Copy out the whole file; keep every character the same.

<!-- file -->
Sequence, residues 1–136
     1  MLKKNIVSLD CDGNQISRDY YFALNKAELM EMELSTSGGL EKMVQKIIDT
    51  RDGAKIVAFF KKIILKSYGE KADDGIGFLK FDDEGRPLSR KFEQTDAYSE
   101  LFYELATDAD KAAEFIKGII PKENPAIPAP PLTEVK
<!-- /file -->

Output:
Sequence, residues 1–136
     1  MLKKNIVSLD CDGNQISRDY YFALNKAELM EMELSTSGGL EKMVQKIIDT
    51  RDGAKIVAFF KKIILKSYGE KADDGIGFLK FDDEGRPLSR KFEQTDAYSE
   101  LFYELATDAD KAAEFIKGII PKENPAIPAP PLTEVK